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Decision No. 15,757

Appeal of BRENT DUPRAS from action of the Board of Education of the Cambridge Central School District regarding the declaration of a board vacancy.

Decision No. 15,757

(June 5, 2008)

Pelagalli, Weiner, Rench & Thompson, LLP, attorneys for petitioner, Paul Pelagalli, Esq., of counsel

Girvin & Ferlazzo, P.C., attorneys for respondent, Kathy Ann Wolverton, Esq., of counsel

MILLS, Commissioner.--Petitioner appeals the action of the Board of Education of the Cambridge Central School District (“board” or “respondent”) declaring his position on the board vacant pursuant to Education Law §2109 and Public Officers Law §30.  The appeal must be dismissed.

Petitioner served as a member of the board from July 1, 2003 until September 25, 2007 and was board president from July 2005 until July 2006.  Petitioner attended all board meetings through June 1, 2007.  According to respondent, between June 4, 2007 and August 20, 2007 petitioner missed a total of eight board meetings - the regular meetings on June 4 and June 18, 2007, the special meetings on June 28, July 2, July 9, July 31 and August 20, 2007, and the July 10, 2007 organizational meeting.

On or about June 18, 2007, a letter of resignation purportedly authored by petitioner was sent via email to respondent’s district clerk.  Petitioner claims that this email was “inadvertently” sent from “someone else’s computer” and that he did not intend to resign.  At the July 10, 2007 organizational meeting, respondent accepted the June 18, 2007 resignation letter.

By letter to the district clerk dated August 18, 2007, petitioner stated that, while he had informed board president Don Boyd in June 2007 that he “needed some time away due to recent personal issues and would be considering resigning from the school board,” he never intended to resign his seat on the board and “did not send in any manner or sign any resignation document ....”

In a September 4, 2007 letter to petitioner, Mr. Boyd stated that petitioner “did not speak to me as board president stating that [he] needed some ‘time away.’  Nor did I give any approval [for petitioner] to ‘take time away’ which would cause [him] to miss Board meetings.”

By letter dated September 24, 2007, petitioner’s attorney informed respondent’s attorney that petitioner “did not miss three successive meetings since he was unaware of several meetings” and that he “could not attend the August 20 regularly scheduled meeting as the Board had acted to accept his ‘resignation’ on July 10, 2007.”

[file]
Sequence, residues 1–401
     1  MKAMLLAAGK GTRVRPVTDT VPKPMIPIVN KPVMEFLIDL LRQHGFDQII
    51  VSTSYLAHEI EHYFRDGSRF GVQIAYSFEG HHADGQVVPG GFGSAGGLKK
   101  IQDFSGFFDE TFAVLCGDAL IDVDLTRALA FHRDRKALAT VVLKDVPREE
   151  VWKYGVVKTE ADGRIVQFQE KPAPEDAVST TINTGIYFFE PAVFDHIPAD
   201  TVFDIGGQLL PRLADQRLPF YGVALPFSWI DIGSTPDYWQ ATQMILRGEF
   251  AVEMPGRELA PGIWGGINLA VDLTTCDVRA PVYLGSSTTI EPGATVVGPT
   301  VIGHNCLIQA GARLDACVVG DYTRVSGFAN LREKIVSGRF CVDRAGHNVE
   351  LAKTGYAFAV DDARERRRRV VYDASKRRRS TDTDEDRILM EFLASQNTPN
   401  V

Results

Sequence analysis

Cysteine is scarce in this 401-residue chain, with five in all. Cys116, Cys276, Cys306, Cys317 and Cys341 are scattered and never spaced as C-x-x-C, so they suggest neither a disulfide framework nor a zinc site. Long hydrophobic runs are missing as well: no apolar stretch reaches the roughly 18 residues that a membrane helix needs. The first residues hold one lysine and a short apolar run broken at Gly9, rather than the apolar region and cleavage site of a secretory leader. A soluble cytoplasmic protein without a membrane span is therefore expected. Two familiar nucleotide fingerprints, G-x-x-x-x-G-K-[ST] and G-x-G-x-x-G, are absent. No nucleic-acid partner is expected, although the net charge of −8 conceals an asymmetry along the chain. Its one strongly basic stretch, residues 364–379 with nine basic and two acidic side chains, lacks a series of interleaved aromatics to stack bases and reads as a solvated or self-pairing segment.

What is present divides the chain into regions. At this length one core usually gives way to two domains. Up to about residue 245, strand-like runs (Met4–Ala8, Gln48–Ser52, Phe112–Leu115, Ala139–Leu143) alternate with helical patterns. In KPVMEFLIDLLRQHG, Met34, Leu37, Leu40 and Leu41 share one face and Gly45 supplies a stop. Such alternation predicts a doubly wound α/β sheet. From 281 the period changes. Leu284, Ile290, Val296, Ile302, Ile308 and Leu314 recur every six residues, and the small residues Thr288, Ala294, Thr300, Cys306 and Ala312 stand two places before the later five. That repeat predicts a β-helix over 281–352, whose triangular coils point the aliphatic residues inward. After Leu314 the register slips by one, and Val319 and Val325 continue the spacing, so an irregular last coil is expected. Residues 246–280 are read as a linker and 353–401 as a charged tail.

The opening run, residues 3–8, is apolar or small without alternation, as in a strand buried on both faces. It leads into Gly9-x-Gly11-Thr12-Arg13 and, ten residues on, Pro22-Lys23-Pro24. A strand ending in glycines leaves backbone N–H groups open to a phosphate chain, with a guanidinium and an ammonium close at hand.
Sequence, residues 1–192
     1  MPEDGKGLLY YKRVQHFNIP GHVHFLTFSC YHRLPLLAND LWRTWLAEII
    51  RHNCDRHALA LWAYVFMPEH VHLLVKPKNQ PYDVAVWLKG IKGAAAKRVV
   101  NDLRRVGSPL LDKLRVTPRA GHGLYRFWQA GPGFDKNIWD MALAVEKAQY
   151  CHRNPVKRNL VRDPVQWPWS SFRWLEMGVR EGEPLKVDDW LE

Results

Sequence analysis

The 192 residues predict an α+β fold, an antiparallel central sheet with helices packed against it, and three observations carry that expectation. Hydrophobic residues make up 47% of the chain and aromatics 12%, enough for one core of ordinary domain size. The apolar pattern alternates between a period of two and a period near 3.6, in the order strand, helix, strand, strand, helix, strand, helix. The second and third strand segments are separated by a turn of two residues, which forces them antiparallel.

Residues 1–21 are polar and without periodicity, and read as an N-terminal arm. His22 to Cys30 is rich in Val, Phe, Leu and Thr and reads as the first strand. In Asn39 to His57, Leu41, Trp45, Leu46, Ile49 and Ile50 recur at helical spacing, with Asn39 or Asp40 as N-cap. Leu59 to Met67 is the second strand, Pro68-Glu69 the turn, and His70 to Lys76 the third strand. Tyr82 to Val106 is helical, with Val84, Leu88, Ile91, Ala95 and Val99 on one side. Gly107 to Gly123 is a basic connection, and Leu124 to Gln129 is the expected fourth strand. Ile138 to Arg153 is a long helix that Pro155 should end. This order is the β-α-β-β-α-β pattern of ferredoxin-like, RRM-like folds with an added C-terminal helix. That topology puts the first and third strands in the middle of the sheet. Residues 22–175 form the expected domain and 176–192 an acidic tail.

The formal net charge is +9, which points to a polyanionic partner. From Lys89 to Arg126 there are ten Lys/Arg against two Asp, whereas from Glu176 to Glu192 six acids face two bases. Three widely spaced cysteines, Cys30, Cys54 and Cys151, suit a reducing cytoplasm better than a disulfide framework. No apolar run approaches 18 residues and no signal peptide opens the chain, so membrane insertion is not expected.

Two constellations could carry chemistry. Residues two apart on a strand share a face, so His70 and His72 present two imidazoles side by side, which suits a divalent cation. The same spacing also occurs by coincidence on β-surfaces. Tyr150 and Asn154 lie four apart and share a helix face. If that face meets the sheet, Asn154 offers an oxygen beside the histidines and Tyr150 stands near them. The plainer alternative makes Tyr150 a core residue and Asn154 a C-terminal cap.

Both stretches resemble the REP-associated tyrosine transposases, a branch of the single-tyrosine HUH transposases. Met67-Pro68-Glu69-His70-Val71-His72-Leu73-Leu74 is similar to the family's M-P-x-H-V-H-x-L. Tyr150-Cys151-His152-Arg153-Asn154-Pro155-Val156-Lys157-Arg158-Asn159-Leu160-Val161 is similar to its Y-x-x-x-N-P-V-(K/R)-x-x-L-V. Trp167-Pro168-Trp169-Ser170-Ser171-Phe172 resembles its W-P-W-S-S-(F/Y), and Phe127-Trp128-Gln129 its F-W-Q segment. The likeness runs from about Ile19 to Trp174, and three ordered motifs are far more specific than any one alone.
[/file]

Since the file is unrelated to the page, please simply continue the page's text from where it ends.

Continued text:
At its September 25, 2007 meeting, the board voted to declare petitioner’s seat vacant pursuant to Education Law §2109 and appointed Debra Blanchfield to fill the vacancy.  Petitioner argues that these actions were improper and must be annulled.  Petitioner also seeks reinstatement to his seat on the board.

Respondent argues, interalia, that the appeal must be dismissed for petitioner’s failure to join Debra Blanchfield as a necessary party and for his failure to state a claim upon which relief may be granted.

A party whose rights would be adversely affected by a determination of an appeal in favor of a petitioner is a necessary party and must be joined as such (Appeal of Samuel, 45 Ed Dept Rep 418, Decision No. 15,371; Appeal of Meringolo, 45 id. 128, Decision No. 15,281; Appeal of Kelly, 45 id. 38, Decision No. 15,253).  Joinder requires that an individual be clearly named as a respondent in the caption and served with a copy of the notice of petition and petition to inform the individual that he or she should respond to the petition and enter a defense (Appeal of Samuel, 45 Ed Dept Rep 418, Decision No. 15,371; Appeal of Meringolo, 45 id. 128, Decision No. 15,281; Appeal of Kelly, 45 id. 38, Decision No. 15,253).  Petitioner seeks reinstatement to the seat on the board currently held by Debra Blanchfield.  Since petitioner’s request for reinstatement would directly affect Ms. Blanchfield’s status as a board member, she is a necessary party to this appeal.